Archive for the ‘education’ Category

All of America’s Problems Are Reflected by the Chicago Public Schools. **UPDATE**

September 10, 2012 1 comment

Satan? No. Just head of Chicago Public Schools.

Chris Christie missed the point.  During his RNC speech, he said, and I’m paraphrasing here, Republicans are for teachers, while Democracts are for teachers’ unions.  I’m not sure that’s the issue.  Instead, it’s whether public school teachers care more about the kids than their union, and whether our opinion matters.  Now, they’ll tell you the answer is obviously the kids.  They’ll tell you that they simply need the proper support to be able to adequtely teach our children.  And as they’re telling you this, your right eye will be gouged by their growing noses.

The Chicago Public School Teachers went on strike today, leaving 400,000 students to do whatever it is students do when they have nothing to do.  Sounds like a great idea.  Why did the teachers go on strike?  I’m not entirely sure, but I think it has something to do with a longer school day or larger class sizes, or something.  Their little “On Strike” signs say they’re looking for a fair contract though.  Hmmm…fair.  Dems LUV that word.  What is fair?  Well, CPS teachers already earn an average of $76,000/year, not counting benefits.  What is the city offering in the new deal that is so “unfair?”  A friggin’ 16% increase in pay!  CPS teachers can say whatever they want, but they can’t legitimately claim this is about “fairness” or students.

We here at Why Not Nashville? don’t hate many things, but we do hate public schools.  We hate that they get so much government money, while failing to succeed in educating kids.  We hate that we have no school choice, unless we want to pay extra for a private school.  We hate the ridiculous amount of money public school teachers make (plus benefits), considering they don’t work roughly four months of the year.  We hate that that they’ve taken God and values out of education, and then whine that the kids simply don’t listen.  Public schools are a gigantic drain on our society and yet they continue.

Not to get off-track here, but you know what amazes me?  The fact that private unions support public employee unions like teachers’ unions.  The private unions were against Scott Walker just as much as the public unions.  Why?  Contrary to what you might think, we like private employee unions, and support a worker’s right to join a union.  That’s called freedom.  Private employee unions have a presumed interest in not bleeding their employers dry, because then their employers go bye-bye.  Employers have an interest in hiring employees from private unions, especially in the construction sector, because the employees are trained.  We also support a private company’s right to hire whomever it wants to though, at whatever salary, because that’s,  you guessed it, freedom.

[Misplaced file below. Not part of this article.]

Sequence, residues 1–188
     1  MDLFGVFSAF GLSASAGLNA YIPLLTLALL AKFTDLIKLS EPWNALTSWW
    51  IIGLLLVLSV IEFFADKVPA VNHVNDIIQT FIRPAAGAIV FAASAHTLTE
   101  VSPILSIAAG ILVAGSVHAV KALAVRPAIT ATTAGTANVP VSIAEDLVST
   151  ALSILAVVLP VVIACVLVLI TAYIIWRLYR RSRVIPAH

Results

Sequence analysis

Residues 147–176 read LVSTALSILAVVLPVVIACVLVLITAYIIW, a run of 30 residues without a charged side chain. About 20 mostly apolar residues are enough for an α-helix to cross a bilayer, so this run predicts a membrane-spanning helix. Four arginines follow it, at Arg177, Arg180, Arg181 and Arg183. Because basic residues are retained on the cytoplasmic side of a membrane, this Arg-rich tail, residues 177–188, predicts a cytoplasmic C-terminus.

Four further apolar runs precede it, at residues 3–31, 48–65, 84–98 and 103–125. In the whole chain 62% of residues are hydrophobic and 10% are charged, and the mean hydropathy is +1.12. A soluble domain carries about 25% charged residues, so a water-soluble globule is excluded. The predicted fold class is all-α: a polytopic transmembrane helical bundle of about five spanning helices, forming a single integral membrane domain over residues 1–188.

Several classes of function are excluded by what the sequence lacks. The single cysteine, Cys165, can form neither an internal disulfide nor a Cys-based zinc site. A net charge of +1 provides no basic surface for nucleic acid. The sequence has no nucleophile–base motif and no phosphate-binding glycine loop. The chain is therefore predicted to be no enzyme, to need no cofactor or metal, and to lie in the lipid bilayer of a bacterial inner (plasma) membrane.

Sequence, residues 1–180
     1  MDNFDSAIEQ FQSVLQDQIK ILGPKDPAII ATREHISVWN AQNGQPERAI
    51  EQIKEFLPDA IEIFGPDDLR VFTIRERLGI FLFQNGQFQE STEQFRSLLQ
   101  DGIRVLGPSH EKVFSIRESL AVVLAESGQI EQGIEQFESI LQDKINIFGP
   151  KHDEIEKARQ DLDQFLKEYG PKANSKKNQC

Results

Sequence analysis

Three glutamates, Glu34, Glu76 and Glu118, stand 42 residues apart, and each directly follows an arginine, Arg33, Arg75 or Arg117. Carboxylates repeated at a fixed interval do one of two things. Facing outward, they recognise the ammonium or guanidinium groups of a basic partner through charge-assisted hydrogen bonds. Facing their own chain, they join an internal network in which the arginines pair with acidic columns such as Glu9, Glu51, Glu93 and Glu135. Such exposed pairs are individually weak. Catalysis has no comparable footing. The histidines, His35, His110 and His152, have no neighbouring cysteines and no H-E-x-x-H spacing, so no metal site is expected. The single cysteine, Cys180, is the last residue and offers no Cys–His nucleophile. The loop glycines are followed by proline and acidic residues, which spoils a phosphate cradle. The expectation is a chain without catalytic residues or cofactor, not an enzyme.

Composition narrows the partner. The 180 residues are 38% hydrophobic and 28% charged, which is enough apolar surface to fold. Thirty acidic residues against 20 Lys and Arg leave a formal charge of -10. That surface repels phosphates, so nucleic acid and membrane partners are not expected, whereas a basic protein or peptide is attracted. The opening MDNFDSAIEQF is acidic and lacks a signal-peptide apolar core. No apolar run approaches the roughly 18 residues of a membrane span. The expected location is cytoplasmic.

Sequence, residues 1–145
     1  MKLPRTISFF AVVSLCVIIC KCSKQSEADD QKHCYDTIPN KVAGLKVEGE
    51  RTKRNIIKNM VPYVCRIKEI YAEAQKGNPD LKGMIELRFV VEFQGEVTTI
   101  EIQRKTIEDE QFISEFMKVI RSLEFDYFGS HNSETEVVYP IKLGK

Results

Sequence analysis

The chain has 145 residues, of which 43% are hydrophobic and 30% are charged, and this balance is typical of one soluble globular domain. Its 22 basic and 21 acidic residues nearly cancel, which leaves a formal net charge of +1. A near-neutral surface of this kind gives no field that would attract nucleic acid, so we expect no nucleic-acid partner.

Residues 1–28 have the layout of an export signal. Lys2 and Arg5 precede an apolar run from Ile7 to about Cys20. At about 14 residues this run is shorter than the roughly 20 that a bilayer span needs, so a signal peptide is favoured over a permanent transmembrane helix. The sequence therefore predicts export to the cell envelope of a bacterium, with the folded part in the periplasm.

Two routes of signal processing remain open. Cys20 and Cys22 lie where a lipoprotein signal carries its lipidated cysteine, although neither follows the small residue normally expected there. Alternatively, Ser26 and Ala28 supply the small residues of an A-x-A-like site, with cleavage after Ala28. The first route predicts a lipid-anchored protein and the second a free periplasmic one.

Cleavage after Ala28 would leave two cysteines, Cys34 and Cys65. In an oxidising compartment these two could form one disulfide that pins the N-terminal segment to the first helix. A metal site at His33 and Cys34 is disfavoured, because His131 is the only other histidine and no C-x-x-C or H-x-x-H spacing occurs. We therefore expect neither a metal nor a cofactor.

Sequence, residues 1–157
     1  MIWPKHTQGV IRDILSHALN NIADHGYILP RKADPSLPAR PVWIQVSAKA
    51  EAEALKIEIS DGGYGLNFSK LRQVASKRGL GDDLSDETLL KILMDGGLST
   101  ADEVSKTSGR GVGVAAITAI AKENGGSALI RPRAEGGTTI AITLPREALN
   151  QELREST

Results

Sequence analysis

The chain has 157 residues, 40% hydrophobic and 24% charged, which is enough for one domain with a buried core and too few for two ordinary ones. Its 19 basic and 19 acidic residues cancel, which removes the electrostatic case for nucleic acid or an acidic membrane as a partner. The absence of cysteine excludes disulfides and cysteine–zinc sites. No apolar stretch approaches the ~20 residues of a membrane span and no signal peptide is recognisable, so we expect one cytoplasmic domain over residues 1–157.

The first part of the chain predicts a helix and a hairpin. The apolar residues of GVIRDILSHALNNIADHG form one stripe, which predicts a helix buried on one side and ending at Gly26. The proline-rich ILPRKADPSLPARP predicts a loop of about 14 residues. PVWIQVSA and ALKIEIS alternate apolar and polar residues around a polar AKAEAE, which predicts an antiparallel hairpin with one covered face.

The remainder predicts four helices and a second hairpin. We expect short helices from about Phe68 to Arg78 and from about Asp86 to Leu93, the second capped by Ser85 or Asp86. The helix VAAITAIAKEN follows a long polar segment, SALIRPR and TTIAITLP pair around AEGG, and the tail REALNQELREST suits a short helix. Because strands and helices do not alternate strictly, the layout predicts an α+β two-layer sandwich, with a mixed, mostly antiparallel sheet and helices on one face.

Public employee unions are not private employee unions.  In reality, the two have virtually nothing in common except the word “union.”  In fact, if I were a member of a private union, I’d run away from supporting a public union.  Public employees are paid by the taxpayer, although the taxpayer never has a seat at the negotiation table.  Also, public employees are supposed to be performing “essential services,” which we can’t go without, right?  If that’s true, why can they simply stop working?  Should the entire police force get to take some time off to strike?  The very thought of it is absurd.  But yet it happens.  Public employee unions also pay the politicians they’re negotiating with in the form of campaign contributions.  How hard to do you think a politician is going to negotiate with the union that just financed his election?

Don’t believe me about that last part?  You think the politician has the best interests of the people in mind?  Just look at the CPS negotiations.  Illinois is in massive debt.  The City of Chicago is in massive debt; the City negotiators admit it.  So what do they do to satiate the greed, er, demand for fairness on the part of the teachers?  Offer a 16% raise, which will have to either be borrowed or stolen from the taxpayer.

A few months ago, the Illinois legislature was trying to figure out how to deal with Illinois’s debt, which has been caused, almost in its entirety, by unfunded public employee pensions.  The Dems’ suggestion?  Force all counties, other than Cook, to raise property taxes.  That’s their answer.  Not, hey, let’s reform the system…or simply face the reality that we can’t pay for everything.  Nope.  It’s “Let’s take more from the people.”  It’s insane.  And you know what?  A majority of this state agrees with the friggin’ teachers!  Is everyone retarded (and I mean that literally)?